I’ve put it off for far too long. I can’t ignore it any longer.
March is National Colorectal Cancer Awareness Month and I’ve made a commitment to undergo a colonoscopy.
Yes, I say “commitment” because I’ve been putting it off for a few years now. Even though I have far too much at risk.
My niece died of colon cancer at the age of 42, leaving behind a husband, four kids and a bright future. My paternal grandmother also succumbed to the disease. My father was diagnosed at one point in his life, had surgery to remove a portion of his colon and, thankfully, survived. Lung cancer took his life years later.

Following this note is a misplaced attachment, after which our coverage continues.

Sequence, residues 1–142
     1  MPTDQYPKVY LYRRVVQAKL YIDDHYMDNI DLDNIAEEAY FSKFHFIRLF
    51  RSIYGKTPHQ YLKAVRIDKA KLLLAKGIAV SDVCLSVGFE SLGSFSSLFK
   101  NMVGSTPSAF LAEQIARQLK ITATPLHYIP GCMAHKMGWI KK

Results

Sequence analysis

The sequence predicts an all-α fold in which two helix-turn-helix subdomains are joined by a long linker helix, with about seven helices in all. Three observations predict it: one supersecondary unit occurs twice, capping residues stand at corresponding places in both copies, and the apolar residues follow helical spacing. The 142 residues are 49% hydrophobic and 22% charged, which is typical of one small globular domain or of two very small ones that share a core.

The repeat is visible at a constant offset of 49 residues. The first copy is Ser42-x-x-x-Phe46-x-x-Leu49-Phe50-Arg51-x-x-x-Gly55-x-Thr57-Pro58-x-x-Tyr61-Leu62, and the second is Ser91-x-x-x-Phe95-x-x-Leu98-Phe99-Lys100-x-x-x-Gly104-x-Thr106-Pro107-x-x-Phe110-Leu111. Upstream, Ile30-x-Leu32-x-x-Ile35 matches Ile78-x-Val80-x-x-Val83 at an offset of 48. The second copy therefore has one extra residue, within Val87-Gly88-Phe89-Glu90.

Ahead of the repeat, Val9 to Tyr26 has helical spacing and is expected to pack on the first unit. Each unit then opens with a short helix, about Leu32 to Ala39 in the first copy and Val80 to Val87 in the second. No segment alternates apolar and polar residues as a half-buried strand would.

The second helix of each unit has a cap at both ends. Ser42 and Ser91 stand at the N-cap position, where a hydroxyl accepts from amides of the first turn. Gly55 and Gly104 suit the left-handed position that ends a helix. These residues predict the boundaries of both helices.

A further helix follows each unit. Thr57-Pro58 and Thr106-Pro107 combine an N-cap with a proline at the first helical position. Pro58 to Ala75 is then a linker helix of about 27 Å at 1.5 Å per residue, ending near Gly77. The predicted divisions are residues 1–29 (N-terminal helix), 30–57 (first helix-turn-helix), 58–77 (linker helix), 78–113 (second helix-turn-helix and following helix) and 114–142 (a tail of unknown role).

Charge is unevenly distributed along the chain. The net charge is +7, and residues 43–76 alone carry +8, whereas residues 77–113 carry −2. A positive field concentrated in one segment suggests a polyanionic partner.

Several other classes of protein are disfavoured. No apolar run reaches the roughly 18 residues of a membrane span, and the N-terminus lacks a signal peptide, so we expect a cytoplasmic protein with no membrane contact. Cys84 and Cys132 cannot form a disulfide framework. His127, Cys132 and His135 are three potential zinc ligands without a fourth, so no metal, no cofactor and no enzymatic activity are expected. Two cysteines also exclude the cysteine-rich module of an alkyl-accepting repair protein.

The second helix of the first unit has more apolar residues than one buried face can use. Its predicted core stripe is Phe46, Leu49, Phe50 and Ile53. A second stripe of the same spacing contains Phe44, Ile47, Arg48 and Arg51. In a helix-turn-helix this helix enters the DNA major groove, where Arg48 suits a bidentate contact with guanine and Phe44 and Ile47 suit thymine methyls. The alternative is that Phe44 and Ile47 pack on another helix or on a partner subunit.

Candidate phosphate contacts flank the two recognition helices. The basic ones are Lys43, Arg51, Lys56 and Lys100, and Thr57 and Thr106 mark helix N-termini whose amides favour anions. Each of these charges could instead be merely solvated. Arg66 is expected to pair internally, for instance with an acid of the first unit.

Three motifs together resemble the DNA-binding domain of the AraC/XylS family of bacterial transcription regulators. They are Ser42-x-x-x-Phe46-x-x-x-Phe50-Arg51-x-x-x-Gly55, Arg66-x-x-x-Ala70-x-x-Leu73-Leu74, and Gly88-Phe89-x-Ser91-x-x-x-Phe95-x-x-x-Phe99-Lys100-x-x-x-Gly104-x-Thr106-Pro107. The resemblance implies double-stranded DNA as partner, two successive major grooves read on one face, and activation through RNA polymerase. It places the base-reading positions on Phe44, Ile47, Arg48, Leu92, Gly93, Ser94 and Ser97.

Among cancers that affect both men and women, colorectal cancer is the second leading cause of cancer deaths in the United States.
Colon cancer is preventable, treatable, and beatable, especially if detected in its early stages. It can be prevented by finding and removing polyps before they become cancerous. Begin screening at age 50, and before, if there is a strong family history of risk factors.
In February 2000, President Clinton officially dedicated March as National Colon Cancer Awareness Month. Since then, it has grown to be a rallying point for the colon cancer community when patients, survivors, caregivers and advocates throughout the country join together to spread colon cancer awareness by wearing blue, holding fundraisers and education events, and talking to friends and family about screening and so much more.
Given my family history, I can’t delay a colon screening any longer. For myself and my family.